Freight Market Update: February 19, 2020
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Flexport is monitoring developments of the Coronavirus and its impact on supply chains. The Chinese New Year (CNY) holiday is officially over, but supply chains are still struggling to bounce back. For more on how global trade is being affected by the Coronavirus, read our blog.
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Ocean Freight Market Update
Air Freight Market Update
Freight Market News
Coronavirus Reshapes Global Supply Chain
As factories shuttered by Coronavirus continue to cripple supply chains, multinational companies are moving parts production from China—possibly for good. The virus may be a tipping point for a “fundamental review of Asia supply chains,” reports Nikkei Asian Review, as Chinese wages rise and a US-China trade deal fails to remove most tariffs.
IMO Plans to Review Scrubber Rules
An IMO sub-committee meets in London this week to finalize a March ban on carriage of heavy fuel oils by ships without scrubbers and to review guidelines for open-loop scrubbers. The Loadstar reveals more than 80 ports have banned the open-loop scrubbers in response to new reports that their wash water may harm marine life.
Shipping Chamber Opposes Panama Price Hike
The International Chamber of Shipping (ICS) suggests the Panama Canal Authority postpones recent freshwater charges intended to offset low water levels. The new charges come ahead of April rate increases; together, they could raise transit prices by 30%, according to World Maritime News. The ICS cites Coronavirus and IMO2020 transitional costs as extenuating circumstances in its plea.
Meanwhile, this week, Flexport Chief Economist Dr. Phil Levy noted the following economic highlights:
- Japan’s Q4 GDP fell at a 6.3% annual rate, the biggest drop since 2014 Q2 and significantly worse than the median forecast of a 3.7% fall. In each case, the contraction followed a sales tax hike.
- Inflation hit China last week with its government reporting food prices are up 20% and the consumer price index rose 5.4% over a year earlier. Though the food price increase included a 116% rise in pork prices, following a fever that affected supply, it also included a 17% jump in vegetable prices.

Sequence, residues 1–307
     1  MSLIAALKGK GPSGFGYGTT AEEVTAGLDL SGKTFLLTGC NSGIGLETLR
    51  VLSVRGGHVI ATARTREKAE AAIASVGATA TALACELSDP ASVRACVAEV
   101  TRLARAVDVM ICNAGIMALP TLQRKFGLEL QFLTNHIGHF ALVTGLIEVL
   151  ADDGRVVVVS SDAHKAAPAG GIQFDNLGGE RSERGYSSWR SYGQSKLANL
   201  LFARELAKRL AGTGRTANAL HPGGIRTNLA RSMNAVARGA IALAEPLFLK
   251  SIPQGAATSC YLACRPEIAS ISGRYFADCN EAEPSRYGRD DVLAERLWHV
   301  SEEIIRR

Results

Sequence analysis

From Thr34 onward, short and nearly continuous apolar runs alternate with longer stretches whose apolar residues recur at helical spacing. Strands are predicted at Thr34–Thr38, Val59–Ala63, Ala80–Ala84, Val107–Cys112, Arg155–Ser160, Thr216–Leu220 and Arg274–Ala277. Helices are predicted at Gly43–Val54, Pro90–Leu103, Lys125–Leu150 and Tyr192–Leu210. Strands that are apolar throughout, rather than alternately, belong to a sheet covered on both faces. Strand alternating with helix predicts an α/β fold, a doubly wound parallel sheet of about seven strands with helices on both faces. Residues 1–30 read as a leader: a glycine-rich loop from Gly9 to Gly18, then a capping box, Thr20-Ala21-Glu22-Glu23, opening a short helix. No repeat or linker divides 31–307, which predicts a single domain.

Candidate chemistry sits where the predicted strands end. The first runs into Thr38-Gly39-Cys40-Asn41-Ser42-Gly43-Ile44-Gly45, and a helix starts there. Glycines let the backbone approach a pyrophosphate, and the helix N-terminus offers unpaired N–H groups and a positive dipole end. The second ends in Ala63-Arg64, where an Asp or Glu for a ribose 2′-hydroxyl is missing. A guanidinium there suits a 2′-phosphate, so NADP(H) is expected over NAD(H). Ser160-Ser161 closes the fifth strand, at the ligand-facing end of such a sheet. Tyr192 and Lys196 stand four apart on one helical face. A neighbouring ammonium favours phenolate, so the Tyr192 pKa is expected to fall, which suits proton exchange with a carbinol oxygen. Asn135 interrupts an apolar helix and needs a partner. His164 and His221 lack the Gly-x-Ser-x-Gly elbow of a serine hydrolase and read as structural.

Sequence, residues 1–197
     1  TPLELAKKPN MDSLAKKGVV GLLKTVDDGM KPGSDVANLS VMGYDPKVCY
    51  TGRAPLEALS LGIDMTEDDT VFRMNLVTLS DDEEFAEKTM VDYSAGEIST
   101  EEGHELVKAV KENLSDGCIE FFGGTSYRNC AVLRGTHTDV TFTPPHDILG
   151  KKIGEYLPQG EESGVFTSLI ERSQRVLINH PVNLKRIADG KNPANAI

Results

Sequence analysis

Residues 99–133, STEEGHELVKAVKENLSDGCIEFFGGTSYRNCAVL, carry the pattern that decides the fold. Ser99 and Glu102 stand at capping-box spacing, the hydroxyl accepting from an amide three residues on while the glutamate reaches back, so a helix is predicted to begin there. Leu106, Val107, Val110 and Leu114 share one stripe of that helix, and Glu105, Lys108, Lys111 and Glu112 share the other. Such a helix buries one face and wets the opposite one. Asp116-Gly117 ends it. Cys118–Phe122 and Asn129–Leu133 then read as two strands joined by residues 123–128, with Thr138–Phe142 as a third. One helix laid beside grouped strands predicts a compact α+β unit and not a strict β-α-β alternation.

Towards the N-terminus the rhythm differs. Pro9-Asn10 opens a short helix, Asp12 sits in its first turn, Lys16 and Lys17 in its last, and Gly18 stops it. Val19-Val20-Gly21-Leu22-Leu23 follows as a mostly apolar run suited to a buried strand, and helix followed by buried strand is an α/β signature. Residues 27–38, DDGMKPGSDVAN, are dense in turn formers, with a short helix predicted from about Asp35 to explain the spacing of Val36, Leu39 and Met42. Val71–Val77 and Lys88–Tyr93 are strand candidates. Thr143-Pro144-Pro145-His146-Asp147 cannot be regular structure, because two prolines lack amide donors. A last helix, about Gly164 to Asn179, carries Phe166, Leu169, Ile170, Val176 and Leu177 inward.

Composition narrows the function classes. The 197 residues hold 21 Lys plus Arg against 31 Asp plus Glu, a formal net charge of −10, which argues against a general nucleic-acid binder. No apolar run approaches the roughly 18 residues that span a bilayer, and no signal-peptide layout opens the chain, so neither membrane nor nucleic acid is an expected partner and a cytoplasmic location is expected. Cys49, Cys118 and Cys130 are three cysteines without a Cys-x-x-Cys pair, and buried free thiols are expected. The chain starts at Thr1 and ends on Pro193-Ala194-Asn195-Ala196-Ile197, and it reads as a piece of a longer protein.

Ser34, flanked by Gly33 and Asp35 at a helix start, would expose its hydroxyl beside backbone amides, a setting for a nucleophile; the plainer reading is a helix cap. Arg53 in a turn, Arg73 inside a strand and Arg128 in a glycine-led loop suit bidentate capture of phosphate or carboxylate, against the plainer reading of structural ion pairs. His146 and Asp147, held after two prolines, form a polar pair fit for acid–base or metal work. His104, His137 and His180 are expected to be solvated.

- Mixed US data shows industrial production fell 0.3% in January from the month before, while consumer sentiment rose.
- The annual increase in the broad consumer price index was 2.5%, while core CPI—excluding food and energy—rose 2.3%.
- Industrial output fell in the Eurozone at a 2.1% rate in December and was down 4.1% across 2019.
Customs and Trade Updates
Increase on Tariffs in EU Aircrafts
The USTR released a notice that stated the EU Civil Aircraft subsidies tariffs that are currently in place at 25% for non-aircraft parts will stay at 25%. The tariffs on airplanes imported under 8802.40 will now have their Section 301 tariff raised from 10% to 15%. The scheduled implementation date for that tariff hike is March 18th, 2020. The notice also stated that if retaliatory measures are imposed by the EU, there could be immediate revisions of the additional duties levied. The original published list of tariffs is here for reference.
ACE Deployment Schedule
CBP released an updated ACE deployment schedule that outlines when the trade community can expect additions and updates that will be made through the year. There are also more details on each of the features they are rolling out here.
Bill Introduced on Allowable De Minimis for Export of Huawei Goods
Senator Rick Scott proposed a bill to make it more difficult for US companies to do business with Huawei. Existing legislation lets foreign-made goods that contain 25% of material made in the US to be exported to blacklisted companies. However, the proposed legislation would knock that 25% threshold down to just 10% for any goods exported to Huawei or its inhouse semiconductor business. Given that Huawei has already been added to the Business of Industry and Security (BIS), it's still unclear how much more restrictive it would make things for the company.
**For a roundup of tariff-related news, visit Tariff Insider.
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